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VIEWPOINT: Why shouldn't churches pay taxes?

September 17, 2007

Though it probably should not have been, a recent headline in

The Indianapolis Star-$2.7 billion in property untaxed in Marion County-was a bit of a stunner. And more so was an adjoining article revealing nearly half of that property to be owned by churches and religious institutions.

In the article, the Rev. Kent Millard, senior pastor at St. Luke's United Methodist Church, invoked the separation of church and state as justification for St. Luke's quarter-million-dollar annual tax dodge.

And I'm confident that he spoke without fear of contradiction from the rest of his non-secular colleagues. Christians, Jews and Muslims, while they may regard one another with murderous contempt on many issues, find miraculous brotherhood on the issue of taxation.

The problem with separation of church and state as a strategy to avoid taxation is that the reasoning itself is inherently flawed. Were it a true separation, government would not be tacitly financing religious institutions by exonerating them from the tax rolls.

Writing for the majority opinion in Reynolds v. U.S., an 1878 case striking down the right of Mormons to practice polygamy, Chief Justice Morrison Waite invoked the words "separation of church and state" for perhaps the first time in his interpretation of Thomas Jefferson's comment, "The legitimate powers of the government reach actions only, and not opinions."

Justice Waite went on to say, however, that while "Congress was deprived of all legislative power over mere opinion," it "was left free to reach actions which were in violation of social duties or subversive of good order."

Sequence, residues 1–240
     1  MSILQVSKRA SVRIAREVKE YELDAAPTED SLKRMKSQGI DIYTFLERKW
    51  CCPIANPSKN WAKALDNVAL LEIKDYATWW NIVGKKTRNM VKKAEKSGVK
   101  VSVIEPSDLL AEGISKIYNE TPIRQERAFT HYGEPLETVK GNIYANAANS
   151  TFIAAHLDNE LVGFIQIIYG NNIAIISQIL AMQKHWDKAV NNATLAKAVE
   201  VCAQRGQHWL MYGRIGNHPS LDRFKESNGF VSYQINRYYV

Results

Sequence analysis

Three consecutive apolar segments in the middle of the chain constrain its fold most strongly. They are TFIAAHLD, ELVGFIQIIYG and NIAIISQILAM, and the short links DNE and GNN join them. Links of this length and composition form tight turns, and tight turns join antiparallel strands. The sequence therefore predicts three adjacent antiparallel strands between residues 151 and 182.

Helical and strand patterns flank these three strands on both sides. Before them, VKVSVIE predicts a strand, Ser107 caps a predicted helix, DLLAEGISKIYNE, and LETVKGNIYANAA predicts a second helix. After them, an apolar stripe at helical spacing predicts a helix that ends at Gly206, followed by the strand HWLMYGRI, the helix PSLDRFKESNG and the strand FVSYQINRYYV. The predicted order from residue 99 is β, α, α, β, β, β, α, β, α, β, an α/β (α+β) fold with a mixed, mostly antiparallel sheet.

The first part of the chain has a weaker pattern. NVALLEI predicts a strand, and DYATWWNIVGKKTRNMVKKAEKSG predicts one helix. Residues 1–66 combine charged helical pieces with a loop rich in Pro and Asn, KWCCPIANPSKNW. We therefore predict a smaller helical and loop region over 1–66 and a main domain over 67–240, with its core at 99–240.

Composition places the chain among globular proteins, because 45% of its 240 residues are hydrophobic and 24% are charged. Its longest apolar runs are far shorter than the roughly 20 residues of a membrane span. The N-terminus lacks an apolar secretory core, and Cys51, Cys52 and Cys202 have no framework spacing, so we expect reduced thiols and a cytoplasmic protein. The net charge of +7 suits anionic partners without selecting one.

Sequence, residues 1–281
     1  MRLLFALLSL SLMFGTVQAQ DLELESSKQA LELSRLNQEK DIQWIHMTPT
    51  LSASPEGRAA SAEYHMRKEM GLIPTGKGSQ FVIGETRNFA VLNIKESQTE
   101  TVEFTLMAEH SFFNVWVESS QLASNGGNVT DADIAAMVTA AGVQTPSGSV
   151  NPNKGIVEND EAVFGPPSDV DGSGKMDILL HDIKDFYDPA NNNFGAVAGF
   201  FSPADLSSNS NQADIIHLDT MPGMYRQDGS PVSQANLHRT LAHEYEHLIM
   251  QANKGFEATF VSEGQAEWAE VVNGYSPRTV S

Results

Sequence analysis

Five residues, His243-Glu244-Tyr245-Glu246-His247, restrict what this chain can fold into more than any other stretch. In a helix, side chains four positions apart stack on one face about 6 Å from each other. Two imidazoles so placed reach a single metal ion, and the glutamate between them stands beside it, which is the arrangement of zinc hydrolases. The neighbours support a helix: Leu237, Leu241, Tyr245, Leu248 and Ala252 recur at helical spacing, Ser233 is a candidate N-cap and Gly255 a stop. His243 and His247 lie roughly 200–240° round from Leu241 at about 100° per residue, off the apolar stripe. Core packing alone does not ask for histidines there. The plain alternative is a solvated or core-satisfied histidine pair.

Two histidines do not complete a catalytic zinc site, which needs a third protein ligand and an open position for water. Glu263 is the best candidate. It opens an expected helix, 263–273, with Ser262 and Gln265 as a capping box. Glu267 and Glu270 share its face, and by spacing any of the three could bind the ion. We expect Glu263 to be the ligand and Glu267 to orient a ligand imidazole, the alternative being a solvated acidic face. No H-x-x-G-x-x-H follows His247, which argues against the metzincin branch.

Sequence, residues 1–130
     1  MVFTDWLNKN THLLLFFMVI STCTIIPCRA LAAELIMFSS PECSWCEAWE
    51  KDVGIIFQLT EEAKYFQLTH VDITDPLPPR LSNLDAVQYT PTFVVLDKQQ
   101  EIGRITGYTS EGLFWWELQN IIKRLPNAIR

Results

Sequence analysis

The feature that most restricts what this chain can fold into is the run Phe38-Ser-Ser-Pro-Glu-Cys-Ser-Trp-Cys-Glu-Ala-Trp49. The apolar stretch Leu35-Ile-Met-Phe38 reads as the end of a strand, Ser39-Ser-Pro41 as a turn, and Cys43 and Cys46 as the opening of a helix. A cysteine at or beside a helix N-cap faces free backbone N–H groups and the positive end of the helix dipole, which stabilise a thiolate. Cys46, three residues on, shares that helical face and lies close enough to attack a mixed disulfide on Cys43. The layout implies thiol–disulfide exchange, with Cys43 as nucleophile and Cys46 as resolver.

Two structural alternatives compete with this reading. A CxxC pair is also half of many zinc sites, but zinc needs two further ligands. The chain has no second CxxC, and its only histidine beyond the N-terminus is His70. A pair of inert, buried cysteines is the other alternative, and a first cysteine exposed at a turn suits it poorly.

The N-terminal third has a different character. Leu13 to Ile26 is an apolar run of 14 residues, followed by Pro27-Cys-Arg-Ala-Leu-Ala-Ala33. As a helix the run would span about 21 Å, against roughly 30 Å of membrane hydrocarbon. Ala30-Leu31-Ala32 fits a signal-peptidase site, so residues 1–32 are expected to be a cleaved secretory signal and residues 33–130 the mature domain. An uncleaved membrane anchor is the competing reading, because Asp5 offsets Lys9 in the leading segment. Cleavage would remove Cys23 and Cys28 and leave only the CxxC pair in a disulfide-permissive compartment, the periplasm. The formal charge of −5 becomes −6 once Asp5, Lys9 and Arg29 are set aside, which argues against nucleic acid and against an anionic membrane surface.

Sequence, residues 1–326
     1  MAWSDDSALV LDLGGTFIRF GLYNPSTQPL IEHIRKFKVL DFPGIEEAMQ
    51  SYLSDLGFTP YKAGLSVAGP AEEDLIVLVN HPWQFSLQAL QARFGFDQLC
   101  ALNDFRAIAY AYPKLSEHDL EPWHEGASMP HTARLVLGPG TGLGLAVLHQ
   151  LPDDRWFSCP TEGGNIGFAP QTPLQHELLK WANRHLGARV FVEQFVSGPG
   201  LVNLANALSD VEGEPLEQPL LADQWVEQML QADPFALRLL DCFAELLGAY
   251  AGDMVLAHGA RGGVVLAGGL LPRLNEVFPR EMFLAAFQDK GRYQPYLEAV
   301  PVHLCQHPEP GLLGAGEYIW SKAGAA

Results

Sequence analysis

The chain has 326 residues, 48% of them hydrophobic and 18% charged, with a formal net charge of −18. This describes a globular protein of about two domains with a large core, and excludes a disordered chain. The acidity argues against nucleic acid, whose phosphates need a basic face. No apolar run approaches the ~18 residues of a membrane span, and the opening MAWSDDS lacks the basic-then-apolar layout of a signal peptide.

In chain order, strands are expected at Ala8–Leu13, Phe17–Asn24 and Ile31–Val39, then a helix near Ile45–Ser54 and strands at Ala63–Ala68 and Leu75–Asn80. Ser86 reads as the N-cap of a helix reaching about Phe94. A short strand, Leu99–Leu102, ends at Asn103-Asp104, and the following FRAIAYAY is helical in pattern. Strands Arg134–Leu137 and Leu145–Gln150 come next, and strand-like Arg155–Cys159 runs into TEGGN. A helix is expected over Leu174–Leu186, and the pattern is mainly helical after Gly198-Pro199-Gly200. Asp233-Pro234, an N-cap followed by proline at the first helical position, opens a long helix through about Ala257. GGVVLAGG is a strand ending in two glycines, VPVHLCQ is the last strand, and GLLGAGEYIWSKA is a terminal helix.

The key words here are "social duties." It is clearly the social duty, whether we're happy about it or not, of us all to pay taxes. It is through taxation that we pay for vital government services-like the police officers who direct traffic as large congregations leave church parking lots.

Religious organizations will make the case that they meet their "social duties" through good works and can only do so if they remain untaxed. In fact, Greg Otolski, a spokesman for the Roman Catholic Archdiocese of Indianapolis, goes so far as to suggest the Catholic church offsets its tax break by educating 15,000 private-school students who would otherwise cost the public schools some $135 million each year.

I have friends with kids in Catholic schools. One of them pays nearly $12,000 a year for the privilege. So, it would seem, this is not quite the out-of-pocket cost for the church the archdiocese would have one believe. Add to that the archdiocese's ownership of property valued at more than $150 million (if taxable, worth $5 million a year to the county) and one could conclude there's a bit of a double standard at work, if not actual double-dipping.

Millard was uneasy enough with the entire subject that he did what seemed a bit of hand-wringing when he said, "The power to tax is the power to control and ultimately the power to destroy."

Destroy? Taxation provides revenue that is used to build. And to provide myriad social services to the citizenry regardless of its philosophical like-mindedness.

If the church truly wishes to live up to its claim that it exists to help those less fortunate, it should pony up like the rest of us. Because losing one's home due to an inability to pay the taxes-particularly when there are others perfectly capable but unwilling to do so-is truly an abomination that defies denomination.



Smith is an Indianapolis writer and producer. He can be reached at jason@jtsmith.net.
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